LTFRB set to suspend franchises of bus firms who joined the Nov. 15 strike

December 25, 2010 12:20 am 

MANILA, Dec. 24 — The Land Transportation Franchising and Regulatory Board (LTFRB) said the fate of the bus firms that participated in the November 15 strike that stranded thousands of commuters in various parts of Metro Manila will be known by mid-January next year.

LTFRB Chairman Nelson Laluces said 36 cases among the bus operators who joined the strike were deemed submitted for resolution.

“If any of these operators are found guilty of franchise violations, their franchises are to be suspended," Laluces said.

The first batch of the LTFRB’s resolutions on these cases will come out by the second week of January, and the second batch of the agency’s resolutions will come out by February, he said.

Since November 25, the LTFRB has been conducting marathon hearings on the cases of the bus firms that went on strike on November 15.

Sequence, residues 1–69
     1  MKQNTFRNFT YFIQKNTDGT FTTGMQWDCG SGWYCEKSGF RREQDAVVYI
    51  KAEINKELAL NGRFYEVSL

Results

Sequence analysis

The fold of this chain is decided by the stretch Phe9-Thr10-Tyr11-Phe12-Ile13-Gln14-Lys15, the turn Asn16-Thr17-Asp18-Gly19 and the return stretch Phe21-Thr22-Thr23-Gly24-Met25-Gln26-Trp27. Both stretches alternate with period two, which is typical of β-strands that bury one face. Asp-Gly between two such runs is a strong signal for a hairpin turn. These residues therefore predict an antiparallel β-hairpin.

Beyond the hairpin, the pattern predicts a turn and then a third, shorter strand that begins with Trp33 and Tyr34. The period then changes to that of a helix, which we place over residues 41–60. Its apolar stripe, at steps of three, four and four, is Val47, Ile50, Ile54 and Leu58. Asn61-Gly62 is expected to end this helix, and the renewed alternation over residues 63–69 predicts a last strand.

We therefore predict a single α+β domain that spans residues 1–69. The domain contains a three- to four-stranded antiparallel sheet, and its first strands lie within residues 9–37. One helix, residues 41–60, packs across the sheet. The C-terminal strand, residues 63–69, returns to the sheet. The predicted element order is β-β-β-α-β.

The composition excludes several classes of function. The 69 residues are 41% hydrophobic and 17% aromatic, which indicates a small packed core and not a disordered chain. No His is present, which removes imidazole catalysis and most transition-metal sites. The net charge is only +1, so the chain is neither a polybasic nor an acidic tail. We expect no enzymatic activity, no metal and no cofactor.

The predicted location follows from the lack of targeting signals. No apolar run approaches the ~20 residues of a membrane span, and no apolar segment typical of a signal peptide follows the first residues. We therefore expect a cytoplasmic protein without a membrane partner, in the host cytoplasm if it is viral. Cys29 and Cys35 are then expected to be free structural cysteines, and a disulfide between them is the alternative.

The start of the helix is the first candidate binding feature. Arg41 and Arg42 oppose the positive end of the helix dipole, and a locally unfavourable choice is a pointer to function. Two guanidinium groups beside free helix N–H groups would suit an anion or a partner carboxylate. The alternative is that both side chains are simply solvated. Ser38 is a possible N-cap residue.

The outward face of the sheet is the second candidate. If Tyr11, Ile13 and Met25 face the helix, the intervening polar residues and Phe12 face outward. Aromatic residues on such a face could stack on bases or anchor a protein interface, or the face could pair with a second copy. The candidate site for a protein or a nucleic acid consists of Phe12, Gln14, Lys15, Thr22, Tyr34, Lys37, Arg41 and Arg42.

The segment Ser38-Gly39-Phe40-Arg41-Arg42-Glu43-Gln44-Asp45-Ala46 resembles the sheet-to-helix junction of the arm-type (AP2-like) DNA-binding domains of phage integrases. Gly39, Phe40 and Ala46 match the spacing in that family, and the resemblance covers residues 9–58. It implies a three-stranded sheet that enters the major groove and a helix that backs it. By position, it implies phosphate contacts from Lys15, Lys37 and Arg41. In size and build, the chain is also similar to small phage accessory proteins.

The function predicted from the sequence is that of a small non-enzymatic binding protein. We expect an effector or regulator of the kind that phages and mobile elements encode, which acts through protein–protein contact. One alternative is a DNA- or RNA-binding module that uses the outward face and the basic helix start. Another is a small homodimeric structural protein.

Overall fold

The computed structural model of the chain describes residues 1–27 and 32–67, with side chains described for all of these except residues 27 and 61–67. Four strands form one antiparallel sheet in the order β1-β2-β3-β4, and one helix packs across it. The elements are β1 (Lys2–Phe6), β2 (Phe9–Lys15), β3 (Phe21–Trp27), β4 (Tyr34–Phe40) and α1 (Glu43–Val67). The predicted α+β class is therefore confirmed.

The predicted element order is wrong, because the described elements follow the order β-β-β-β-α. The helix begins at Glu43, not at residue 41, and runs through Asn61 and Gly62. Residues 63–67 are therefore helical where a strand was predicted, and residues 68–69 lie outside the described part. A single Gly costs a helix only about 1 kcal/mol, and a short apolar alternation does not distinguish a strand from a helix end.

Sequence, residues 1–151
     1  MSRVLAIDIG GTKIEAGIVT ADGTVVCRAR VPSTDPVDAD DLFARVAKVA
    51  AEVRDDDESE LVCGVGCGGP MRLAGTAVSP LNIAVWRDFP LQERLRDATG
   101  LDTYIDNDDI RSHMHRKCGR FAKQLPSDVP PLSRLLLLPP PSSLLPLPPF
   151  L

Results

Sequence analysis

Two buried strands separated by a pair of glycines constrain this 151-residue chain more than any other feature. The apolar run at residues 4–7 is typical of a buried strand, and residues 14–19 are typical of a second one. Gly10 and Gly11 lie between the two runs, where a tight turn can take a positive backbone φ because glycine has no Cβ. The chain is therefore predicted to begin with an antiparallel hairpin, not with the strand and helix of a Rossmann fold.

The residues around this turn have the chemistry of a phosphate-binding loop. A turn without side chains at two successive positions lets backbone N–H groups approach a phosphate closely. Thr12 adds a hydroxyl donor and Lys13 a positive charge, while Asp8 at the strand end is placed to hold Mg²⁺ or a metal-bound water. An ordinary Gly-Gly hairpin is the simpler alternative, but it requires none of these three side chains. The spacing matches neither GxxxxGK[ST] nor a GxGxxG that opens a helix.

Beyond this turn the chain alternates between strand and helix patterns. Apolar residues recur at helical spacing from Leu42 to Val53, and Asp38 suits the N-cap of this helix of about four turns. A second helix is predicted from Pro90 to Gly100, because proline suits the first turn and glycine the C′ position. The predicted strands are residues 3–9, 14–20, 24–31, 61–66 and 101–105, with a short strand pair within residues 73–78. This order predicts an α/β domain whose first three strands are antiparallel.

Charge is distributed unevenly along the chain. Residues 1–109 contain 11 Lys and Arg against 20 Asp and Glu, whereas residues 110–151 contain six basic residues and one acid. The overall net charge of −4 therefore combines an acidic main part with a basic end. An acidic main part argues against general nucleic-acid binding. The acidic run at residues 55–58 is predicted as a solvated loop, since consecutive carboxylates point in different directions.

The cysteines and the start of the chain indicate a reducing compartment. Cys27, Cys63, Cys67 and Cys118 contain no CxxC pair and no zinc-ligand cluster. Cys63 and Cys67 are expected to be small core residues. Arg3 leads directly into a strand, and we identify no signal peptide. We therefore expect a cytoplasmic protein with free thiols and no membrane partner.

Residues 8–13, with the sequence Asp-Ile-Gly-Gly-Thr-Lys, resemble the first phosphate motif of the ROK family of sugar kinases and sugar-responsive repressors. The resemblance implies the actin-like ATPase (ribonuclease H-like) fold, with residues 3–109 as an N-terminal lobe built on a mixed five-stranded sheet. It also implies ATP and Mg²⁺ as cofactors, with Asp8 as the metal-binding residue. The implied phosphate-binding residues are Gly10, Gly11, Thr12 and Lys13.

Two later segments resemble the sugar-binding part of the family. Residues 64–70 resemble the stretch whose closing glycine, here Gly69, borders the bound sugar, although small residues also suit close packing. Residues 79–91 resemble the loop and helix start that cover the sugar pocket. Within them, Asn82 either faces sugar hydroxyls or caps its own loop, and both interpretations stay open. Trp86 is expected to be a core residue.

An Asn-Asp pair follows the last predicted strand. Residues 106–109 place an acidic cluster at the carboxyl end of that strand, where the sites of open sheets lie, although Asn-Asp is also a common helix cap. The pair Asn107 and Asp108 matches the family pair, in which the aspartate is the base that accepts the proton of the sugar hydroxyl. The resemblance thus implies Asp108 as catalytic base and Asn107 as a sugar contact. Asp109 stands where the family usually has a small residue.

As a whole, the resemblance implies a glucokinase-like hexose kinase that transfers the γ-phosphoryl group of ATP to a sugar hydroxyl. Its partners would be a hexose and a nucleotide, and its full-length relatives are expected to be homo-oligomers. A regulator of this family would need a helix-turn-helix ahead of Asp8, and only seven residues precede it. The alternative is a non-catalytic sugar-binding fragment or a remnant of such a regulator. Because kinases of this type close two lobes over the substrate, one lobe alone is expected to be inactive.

Laluces said 74 bus operators were given a Notice to Explain. Out of these, the LTFRB has heard 65 cases, 36 of which were submitted for resolution, while 29 still have to file their position papers.

He said the LTFRB will hear the nine remaining cases by January next year.

Laluces said bus operators who failed to file their position papers would mean that they are waiving their right to do so and their cases would be submitted for decision based in the evidences gathered by the LTFRB.

In the aftermath of the strike, several sectors, including lawmakers such as Senator Vicente Sotto III, have proposed the takeover of bus operations while Metropolitan Manila Development Authority (MMDA) Chairman Francis Tolentino said the franchise given to the operators is a privilege and not a right that can be taken away if there are violations committed.

Even President Benigno Aquino III has criticized the bus operators and said sanctions will be meted out on those who have inconvenienced the public.

Authorities said more than 8,000 commuters were inconvenienced by the bus shortage on those days, forcing government agencies to dispatched their vehicles to ferry them to work or schools.

The bus operators’ move came after the MMDA included buses in the Unified Vehicular Volume Reduction Program (UVVRP) or the “number-coding” which they are exempted since 2004.

The bus operators have denied that a strike took place, adding that what happened is just a “miscommunication” between the operators and the drivers who believed an earlier stand by the former to protest the UVVRP scheme. (PNA)



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